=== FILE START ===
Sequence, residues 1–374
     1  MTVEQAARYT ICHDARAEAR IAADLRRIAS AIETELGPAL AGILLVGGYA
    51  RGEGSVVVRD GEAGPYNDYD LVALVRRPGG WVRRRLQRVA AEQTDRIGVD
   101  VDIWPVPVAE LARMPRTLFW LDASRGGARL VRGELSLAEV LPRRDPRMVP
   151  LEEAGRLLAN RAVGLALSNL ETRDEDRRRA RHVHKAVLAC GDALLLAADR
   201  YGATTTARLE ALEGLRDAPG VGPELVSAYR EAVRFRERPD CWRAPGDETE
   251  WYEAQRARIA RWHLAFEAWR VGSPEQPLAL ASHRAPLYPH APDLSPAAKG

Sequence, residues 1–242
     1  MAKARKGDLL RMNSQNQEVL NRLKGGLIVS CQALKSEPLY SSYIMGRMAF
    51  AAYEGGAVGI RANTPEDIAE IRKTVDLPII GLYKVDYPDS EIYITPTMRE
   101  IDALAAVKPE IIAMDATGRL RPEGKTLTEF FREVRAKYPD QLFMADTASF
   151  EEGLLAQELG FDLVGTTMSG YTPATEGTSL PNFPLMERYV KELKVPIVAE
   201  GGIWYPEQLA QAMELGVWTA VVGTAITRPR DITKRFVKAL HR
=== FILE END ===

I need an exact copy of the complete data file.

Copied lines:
Sequence, residues 1–374
     1  MTVEQAARYT ICHDARAEAR IAADLRRIAS AIETELGPAL AGILLVGGYA
    51  RGEGSVVVRD GEAGPYNDYD LVALVRRPGG WVRRRLQRVA AEQTDRIGVD
   101  VDIWPVPVAE LARMPRTLFW LDASRGGARL VRGELSLAEV LPRRDPRMVP
   151  LEEAGRLLAN RAVGLALSNL ETRDEDRRRA RHVHKAVLAC GDALLLAADR
   201  YGATTTARLE ALEGLRDAPG VGPELVSAYR EAVRFRERPD CWRAPGDETE
   251  WYEAQRARIA RWHLAFEAWR VGSPEQPLAL ASHRAPLYPH APDLSPAAKG

Sequence, residues 1–242
     1  MAKARKGDLL RMNSQNQEVL NRLKGGLIVS CQALKSEPLY SSYIMGRMAF
    51  AAYEGGAVGI RANTPEDIAE IRKTVDLPII GLYKVDYPDS EIYITPTMRE
   101  IDALAAVKPE IIAMDATGRL RPEGKTLTEF FREVRAKYPD QLFMADTASF
   151  EEGLLAQELG FDLVGTTMSG YTPATEGTSL PNFPLMERYV KELKVPIVAE
   201  GGIWYPEQLA QAMELGVWTA VVGTAITRPR DITKRFVKAL HR